For me there is no greater sense of home than on the drive into Mullumbimby. I face the mountain, she shows herself to me, and then on my approach she slips away, and then she’s back – like mother earth playing peek-a-boo. This hide and reveal is a portent of the magic of a community that can’t be easily articulated. A community of diverse opinions that manages to live harmoniously together. Or did. COVID-19 has ripped our rainbow flag in two. Our beliefs have been polarised to such an extent that there no longer is a middle ground. Our tolerance of each other has faded. Our mountain of goodwill has gone.
I realised, while walking the beach this morning, how deeply this has affected me. I feel this overwhelming grief – like something I loved has broken. There is a disharmony in my community I have never felt before. I see it when a man in his seventies screams at a 16-year-old retail assistant about his sovereign rights not to wear a mask or to QR code check-in. When a mask-wearing midwife is yelled at for being a sheeple outside the IGA. And when I can no longer go to the cafe I have frequented for the past 15 years because the staff aren’t wearing masks and are playing know-your-rights anti-mask material rather than music. When did we start trying to indoctrinate each other?
A chasm has opened up and we stand on two sides; those who believe we are in a worldwide pandemic, and those who believe it is a conspiracy. I have seen the videos, watched the links, sat in on chat groups in silent disbelief. I sit in horror and I wonder about the most frightening conspiracy of all. Thanks to the social media we can now create cults without compounds.
Who makes these videos that expound conspiracies? Whose interests do these narratives serve? Do those who consume these videos know it’s the far right’s play to exploit the pandemic, and fear of vaccination, as an attempt to promote extremist ideology? It’s blooding ordinary people into extremist discourse. It’s leading them to Capitol Hill.
There has been a disturbing evangelism amongst those who feel they have found ‘the truth’ i.e – that Bill Gates is the architect of a 5G microchipping depopulating future of artificial intelligence, where martial law will ensure we are all vaccinated (chipped), otherwise they’ll come door knocking to take our kids… or something along those lines.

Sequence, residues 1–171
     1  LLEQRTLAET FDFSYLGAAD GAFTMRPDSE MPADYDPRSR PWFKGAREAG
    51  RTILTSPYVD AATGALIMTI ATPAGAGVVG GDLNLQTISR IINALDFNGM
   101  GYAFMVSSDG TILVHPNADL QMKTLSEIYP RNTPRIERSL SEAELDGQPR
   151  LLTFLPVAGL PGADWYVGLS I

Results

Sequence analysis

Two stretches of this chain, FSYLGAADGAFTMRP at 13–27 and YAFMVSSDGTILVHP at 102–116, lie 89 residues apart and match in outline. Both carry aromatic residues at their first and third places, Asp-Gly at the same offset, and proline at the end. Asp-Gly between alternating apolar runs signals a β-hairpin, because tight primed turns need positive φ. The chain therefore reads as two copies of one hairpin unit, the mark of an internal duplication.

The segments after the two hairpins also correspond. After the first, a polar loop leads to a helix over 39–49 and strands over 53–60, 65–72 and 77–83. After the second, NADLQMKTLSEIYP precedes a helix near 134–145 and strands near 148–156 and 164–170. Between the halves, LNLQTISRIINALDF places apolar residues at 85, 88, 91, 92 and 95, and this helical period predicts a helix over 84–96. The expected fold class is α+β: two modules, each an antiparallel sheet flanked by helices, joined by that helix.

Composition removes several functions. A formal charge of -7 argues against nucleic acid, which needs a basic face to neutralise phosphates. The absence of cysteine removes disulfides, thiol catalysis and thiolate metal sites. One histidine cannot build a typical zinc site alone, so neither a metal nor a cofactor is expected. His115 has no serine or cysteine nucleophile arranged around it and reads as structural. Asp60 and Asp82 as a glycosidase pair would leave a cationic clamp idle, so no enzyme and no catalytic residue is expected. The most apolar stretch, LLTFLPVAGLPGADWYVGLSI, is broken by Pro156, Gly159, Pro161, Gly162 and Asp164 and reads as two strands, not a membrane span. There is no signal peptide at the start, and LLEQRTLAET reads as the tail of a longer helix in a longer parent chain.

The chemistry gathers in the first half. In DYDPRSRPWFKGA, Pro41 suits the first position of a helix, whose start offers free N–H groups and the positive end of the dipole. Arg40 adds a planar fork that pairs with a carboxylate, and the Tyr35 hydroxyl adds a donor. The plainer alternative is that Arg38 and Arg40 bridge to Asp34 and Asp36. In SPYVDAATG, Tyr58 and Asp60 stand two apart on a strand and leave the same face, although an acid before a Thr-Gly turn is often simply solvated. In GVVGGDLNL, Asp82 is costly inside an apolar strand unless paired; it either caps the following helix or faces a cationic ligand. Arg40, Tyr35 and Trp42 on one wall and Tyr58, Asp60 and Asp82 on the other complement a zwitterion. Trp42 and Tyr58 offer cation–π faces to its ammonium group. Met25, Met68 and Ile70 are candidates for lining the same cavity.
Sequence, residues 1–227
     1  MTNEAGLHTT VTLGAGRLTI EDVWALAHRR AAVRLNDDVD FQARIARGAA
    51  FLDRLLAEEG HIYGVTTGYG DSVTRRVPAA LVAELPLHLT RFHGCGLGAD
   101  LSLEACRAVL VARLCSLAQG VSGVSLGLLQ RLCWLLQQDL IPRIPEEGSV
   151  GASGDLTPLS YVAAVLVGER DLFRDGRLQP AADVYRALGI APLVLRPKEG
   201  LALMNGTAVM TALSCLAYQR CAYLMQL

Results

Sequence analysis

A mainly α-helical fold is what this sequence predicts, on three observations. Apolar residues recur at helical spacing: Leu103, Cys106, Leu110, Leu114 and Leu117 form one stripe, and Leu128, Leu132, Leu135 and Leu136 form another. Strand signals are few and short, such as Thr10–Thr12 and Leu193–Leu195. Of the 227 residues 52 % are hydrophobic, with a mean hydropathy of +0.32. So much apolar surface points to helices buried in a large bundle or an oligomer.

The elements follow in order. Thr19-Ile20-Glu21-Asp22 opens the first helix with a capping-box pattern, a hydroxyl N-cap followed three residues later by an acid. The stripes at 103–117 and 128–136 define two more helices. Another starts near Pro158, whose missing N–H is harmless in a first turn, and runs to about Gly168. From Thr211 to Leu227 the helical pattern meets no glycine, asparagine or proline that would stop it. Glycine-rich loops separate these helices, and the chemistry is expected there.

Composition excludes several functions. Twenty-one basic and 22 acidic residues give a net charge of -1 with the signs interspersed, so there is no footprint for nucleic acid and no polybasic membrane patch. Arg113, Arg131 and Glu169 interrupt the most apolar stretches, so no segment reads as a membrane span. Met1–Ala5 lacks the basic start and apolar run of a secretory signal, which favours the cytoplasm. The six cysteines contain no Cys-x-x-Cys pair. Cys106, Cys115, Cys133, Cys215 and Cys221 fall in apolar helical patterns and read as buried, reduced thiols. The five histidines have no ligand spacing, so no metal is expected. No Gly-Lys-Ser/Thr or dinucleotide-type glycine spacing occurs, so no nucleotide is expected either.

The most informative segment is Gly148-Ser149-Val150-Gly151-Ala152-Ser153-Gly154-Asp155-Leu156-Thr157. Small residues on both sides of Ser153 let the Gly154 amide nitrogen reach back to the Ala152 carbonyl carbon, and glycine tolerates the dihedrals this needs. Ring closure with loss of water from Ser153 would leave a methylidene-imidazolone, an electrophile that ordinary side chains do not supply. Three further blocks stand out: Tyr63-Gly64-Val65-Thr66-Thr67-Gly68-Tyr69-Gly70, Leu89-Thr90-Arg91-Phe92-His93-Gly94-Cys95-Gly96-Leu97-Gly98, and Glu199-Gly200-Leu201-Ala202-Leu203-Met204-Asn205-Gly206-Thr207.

It sounds like the script for a florid psychosis. Except this psychosis is socially activated. It is spread with the same degree of contagion as the virus, but with social media as the vector. Like covid, it also affects the vulnerable, and it can be fatal. I am left wondering; do we still care about the same things? How can this breathless conspiracy theory eclipse climate justice, or black deaths in custody, or the rape and murder of women? I don’t understand the outrage against masks, when there is so little outrage about true loss of life and liberty. Wearing a mask is not the same as dying in custody.
How do we find middle ground where there is none? Extremist ideology offers no space for challenge, no space for conversation. Science becomes the enemy. Any suggestion that popular information has been discredited is dismissed as all part of the corruption of the ‘truth’ by ‘the mainstream’. It is a circular logic with no way out.
The people who subscribe to this narrative are not strangers to me. Some are friends. People I love. I receive their links and YouTube clips and open them in sadness. I can’t respond. I feel despair. Forget the YouTube forecasts of world domination, the worst is already happening. The far right have already taken so many hostage to their paranoid hysteria, and we can’t do a fucking thing.
In writing this I’ll be called a sheep or accused of not being ‘a critical thinker’. It’s what cult’s do. They stay inside a circular logic that disallows actual questioning.
It makes me sad that so many are living in true fear. That this far-fetched dystopian nightmare is what some see as their reality now. It is the end-of-world doomsday ideology that comes knocking on your social media door to raise the alarm.
When I walk the streets of my town I feel this. I feel the divide. I watch the masked mingle with the ‘medically exempt’. There’s an unspoken agitation. A sense of ‘them’ and ‘us’. My town is no longer a place of love and acceptance. It is not a place of compassion and kindness. There is an undercurrent of distrust, suspicion and potential violence.
We are being taken.
I find myself nostalgic for the sense of community we had during the bushfires; When we didn’t need to have our house on fire to know that others were at risk. When we acted in the interests of keeping each other safe. When we worked together, when, as a community, we showed who we were. There was no conspiracy that divided us. We stood together, here, at the base of our mountain.
I’m hoping our mountain returns.